Wolfe announced this past week that the Brazilian writing and directing team of Filipe Matzembacher and Marcio Reolon’s international film sensation, Hard Paint, will be making its domestic DVD debut on July 30.
Of note, Peruvian filmmaker Alvaro Delgado Aparicio’s critically acclaimed film, Retablo, is also slated for its domestic DVD rollout on July 30.
As with Retablo, Hard Paint has worked the film festival circuit to its advantage and Wolfe has been very attentive in finding this international jewels for the domestic home entertainment marketplace.
Matzembacher and Reolon, who worked on the film through a continuing rehearsal process (much like a stage play) for seven solid months, took their film out internationally before opening it theatrically in Brazil. In retrospect it was a smart decision as the filmmakers elected to first showcase their film at the Berlin International Film Festival in February of 2018. It won Best Feature Film!
More festivals followed — marked by both awards and critical raves — and then came the “big one,” the Rio de Janeiro International Film Festival in November of 2018. How would Hard Paint stack up against other home-grown film productions?
Competing in the highly competitive “Première Brazil” category for the prestigious Redentor (think: Oscar), it not only won Best Film and Best Screenplay, but two acting Redentors as well — Best Actor for Shico Menegat’s performance as Pedro (his feature film debut) and Best Support Actor for Bruno Fernandes.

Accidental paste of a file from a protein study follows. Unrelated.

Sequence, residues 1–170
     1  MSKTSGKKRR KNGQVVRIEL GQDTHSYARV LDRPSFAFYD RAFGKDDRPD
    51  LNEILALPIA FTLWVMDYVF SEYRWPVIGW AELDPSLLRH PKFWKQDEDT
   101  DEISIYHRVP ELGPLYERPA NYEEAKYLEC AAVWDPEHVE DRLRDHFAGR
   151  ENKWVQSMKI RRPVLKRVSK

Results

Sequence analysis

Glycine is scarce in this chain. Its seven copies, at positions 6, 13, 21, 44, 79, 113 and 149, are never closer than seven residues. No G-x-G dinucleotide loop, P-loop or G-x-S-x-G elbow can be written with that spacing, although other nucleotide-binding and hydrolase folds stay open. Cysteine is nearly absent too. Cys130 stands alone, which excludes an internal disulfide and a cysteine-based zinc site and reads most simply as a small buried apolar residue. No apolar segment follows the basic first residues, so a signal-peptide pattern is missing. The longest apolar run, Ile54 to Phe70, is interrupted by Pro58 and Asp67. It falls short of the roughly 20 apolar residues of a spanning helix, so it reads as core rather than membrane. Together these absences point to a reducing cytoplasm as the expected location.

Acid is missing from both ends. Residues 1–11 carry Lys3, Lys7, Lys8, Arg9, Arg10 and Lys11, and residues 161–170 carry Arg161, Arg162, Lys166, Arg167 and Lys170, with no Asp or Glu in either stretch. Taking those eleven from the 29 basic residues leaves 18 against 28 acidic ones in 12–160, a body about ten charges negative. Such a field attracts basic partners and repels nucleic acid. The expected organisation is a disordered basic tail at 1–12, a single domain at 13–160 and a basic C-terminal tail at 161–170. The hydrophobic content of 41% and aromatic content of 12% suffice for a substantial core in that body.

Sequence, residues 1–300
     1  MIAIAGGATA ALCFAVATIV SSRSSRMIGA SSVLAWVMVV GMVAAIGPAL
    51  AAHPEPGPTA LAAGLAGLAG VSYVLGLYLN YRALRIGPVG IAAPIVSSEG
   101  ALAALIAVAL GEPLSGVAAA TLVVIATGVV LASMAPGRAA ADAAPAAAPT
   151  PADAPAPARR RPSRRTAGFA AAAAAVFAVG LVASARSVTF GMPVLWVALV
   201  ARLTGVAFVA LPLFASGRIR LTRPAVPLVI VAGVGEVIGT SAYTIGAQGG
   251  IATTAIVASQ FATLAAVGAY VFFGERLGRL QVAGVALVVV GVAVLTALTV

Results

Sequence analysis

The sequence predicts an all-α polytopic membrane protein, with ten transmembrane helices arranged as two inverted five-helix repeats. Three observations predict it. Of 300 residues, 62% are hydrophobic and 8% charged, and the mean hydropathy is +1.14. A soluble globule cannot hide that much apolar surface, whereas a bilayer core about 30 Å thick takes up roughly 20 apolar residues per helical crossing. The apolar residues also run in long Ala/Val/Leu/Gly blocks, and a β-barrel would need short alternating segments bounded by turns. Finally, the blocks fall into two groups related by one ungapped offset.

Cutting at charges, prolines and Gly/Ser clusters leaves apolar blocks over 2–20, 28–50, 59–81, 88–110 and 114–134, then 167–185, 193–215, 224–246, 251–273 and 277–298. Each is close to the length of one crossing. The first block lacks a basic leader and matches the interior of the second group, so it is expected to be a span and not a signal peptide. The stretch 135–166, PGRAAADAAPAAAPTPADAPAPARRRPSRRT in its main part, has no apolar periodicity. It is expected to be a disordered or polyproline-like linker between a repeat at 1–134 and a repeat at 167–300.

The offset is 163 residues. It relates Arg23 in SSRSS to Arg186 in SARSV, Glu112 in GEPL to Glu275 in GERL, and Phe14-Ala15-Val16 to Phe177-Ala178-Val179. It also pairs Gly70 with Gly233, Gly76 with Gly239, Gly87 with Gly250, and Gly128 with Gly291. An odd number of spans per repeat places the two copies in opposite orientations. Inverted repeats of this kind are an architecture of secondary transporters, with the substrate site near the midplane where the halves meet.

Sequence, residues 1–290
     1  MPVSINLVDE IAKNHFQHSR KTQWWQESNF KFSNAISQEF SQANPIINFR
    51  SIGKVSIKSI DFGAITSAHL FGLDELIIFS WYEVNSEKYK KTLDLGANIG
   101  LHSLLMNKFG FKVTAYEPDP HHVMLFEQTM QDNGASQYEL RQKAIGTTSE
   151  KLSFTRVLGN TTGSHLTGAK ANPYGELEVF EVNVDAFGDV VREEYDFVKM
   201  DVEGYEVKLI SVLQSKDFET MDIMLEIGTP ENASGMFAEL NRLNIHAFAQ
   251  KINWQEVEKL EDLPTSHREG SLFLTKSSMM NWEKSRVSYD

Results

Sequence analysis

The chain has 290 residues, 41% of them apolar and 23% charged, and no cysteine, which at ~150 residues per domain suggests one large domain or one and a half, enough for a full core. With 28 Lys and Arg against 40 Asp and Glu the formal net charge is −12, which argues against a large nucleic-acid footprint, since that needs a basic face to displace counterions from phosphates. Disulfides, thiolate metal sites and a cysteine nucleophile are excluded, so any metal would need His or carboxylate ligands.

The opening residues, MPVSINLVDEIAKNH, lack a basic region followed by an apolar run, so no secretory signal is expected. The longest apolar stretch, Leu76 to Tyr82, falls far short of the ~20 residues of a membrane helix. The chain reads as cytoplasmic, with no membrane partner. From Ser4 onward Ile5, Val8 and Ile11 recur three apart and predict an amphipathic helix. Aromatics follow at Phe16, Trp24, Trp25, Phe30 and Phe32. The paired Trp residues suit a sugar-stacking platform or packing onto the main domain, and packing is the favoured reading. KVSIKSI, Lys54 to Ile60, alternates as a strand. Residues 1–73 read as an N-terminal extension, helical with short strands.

It was a night of nights for filmmakers Filipe Matzembacher and Marcio Reolon … and now that excitement — and all of the hard work that went into the making of the film — can be enjoyed on July 30 when Wolfe’s DVD release of Hard Paint.
The story is divided into three sections — “Luiza,” “Leo” and “Neon Boy.” In the first we meet Pedro, a shy, slight, near reclusive young man, who is in trouble with the law and now must appear in court. His sister, Luiza accompanies him, but he can’t count on her for future court dates as she is off to college. She’s basically his only connection to the real world (mother dead, father long since gone) … she instructs him to go outside at least once a day and walk (for fear he will just cocoon at home), even if it is just for five minutes.
Alone in a world, but with unlimited communication opportunities, Pedro nevertheless feels abandoned. It is at this point that he hits upon the idea of performing via webcam … a dark room, painting himself with “neon” paint and dancing for an unseen audience. He’s a hit … a web wonder.
This brings us to chapter two, “Leo,” where another performer mimics Pedro’s success. He reaches out to this competitor and asks him to stop, which opens the door to a world outside of his bedroom … others who share his feelings. Leo (Bruno Fernandes) is actually an accomplished dancer, who works the dark world of the sex trade in order to make enough money to enter college and put this world behind.
In any case, one thing leads to another and the two team up for a duo act, which becomes an even bigger web sensation.
The closing act, “Neon Boy,” brings us full circle back to Pedro … what is his future? Isolation, fame, an outside world … and the sins of his past all come together in a poignant finale.
Hard Paint is presented in Portuguese with English subtitles.